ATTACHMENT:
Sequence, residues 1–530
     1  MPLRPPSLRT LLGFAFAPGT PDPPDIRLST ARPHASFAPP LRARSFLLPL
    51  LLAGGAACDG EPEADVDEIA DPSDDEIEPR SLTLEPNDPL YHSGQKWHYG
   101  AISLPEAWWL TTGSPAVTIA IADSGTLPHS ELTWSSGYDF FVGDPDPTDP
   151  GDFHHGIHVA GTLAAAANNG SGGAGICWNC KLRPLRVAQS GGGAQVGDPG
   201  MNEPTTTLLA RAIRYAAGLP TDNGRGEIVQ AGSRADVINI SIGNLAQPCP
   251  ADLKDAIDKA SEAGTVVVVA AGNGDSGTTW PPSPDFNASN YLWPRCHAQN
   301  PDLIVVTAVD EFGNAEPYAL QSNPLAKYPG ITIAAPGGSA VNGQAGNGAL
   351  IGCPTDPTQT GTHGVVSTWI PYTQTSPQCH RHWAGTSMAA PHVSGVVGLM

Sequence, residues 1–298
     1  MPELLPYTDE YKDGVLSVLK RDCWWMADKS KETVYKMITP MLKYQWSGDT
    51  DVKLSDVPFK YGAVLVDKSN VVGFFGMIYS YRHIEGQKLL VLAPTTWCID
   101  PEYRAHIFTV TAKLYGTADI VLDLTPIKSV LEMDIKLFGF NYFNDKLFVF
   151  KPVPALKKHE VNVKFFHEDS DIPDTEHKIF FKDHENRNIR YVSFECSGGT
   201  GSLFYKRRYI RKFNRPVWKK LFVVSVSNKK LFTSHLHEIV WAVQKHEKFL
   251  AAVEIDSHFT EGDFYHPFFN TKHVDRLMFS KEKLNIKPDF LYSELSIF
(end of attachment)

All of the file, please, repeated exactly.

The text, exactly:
Sequence, residues 1–530
     1  MPLRPPSLRT LLGFAFAPGT PDPPDIRLST ARPHASFAPP LRARSFLLPL
    51  LLAGGAACDG EPEADVDEIA DPSDDEIEPR SLTLEPNDPL YHSGQKWHYG
   101  AISLPEAWWL TTGSPAVTIA IADSGTLPHS ELTWSSGYDF FVGDPDPTDP
   151  GDFHHGIHVA GTLAAAANNG SGGAGICWNC KLRPLRVAQS GGGAQVGDPG
   201  MNEPTTTLLA RAIRYAAGLP TDNGRGEIVQ AGSRADVINI SIGNLAQPCP
   251  ADLKDAIDKA SEAGTVVVVA AGNGDSGTTW PPSPDFNASN YLWPRCHAQN
   301  PDLIVVTAVD EFGNAEPYAL QSNPLAKYPG ITIAAPGGSA VNGQAGNGAL
   351  IGCPTDPTQT GTHGVVSTWI PYTQTSPQCH RHWAGTSMAA PHVSGVVGLM

Sequence, residues 1–298
     1  MPELLPYTDE YKDGVLSVLK RDCWWMADKS KETVYKMITP MLKYQWSGDT
    51  DVKLSDVPFK YGAVLVDKSN VVGFFGMIYS YRHIEGQKLL VLAPTTWCID
   101  PEYRAHIFTV TAKLYGTADI VLDLTPIKSV LEMDIKLFGF NYFNDKLFVF
   151  KPVPALKKHE VNVKFFHEDS DIPDTEHKIF FKDHENRNIR YVSFECSGGT
   201  GSLFYKRRYI RKFNRPVWKK LFVVSVSNKK LFTSHLHEIV WAVQKHEKFL
   251  AAVEIDSHFT EGDFYHPFFN TKHVDRLMFS KEKLNIKPDF LYSELSIF